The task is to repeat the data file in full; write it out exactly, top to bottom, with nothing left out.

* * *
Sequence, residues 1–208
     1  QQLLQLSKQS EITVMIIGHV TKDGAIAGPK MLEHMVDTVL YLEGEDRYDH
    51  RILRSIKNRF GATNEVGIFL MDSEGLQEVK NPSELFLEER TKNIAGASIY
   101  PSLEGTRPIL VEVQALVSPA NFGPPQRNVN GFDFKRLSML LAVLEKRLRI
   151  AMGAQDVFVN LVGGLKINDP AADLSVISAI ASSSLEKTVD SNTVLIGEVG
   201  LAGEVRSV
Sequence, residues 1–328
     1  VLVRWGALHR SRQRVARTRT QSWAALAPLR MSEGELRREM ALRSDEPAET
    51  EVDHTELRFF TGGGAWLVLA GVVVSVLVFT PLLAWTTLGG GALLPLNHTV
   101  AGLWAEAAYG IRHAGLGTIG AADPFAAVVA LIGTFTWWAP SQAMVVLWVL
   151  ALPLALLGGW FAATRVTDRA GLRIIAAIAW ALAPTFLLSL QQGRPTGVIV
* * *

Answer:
Sequence, residues 1–208
     1  QQLLQLSKQS EITVMIIGHV TKDGAIAGPK MLEHMVDTVL YLEGEDRYDH
    51  RILRSIKNRF GATNEVGIFL MDSEGLQEVK NPSELFLEER TKNIAGASIY
   101  PSLEGTRPIL VEVQALVSPA NFGPPQRNVN GFDFKRLSML LAVLEKRLRI
   151  AMGAQDVFVN LVGGLKINDP AADLSVISAI ASSSLEKTVD SNTVLIGEVG
   201  LAGEVRSV
Sequence, residues 1–328
     1  VLVRWGALHR SRQRVARTRT QSWAALAPLR MSEGELRREM ALRSDEPAET
    51  EVDHTELRFF TGGGAWLVLA GVVVSVLVFT PLLAWTTLGG GALLPLNHTV
   101  AGLWAEAAYG IRHAGLGTIG AADPFAAVVA LIGTFTWWAP SQAMVVLWVL
   151  ALPLALLGGW FAATRVTDRA GLRIIAAIAW ALAPTFLLSL QQGRPTGVIV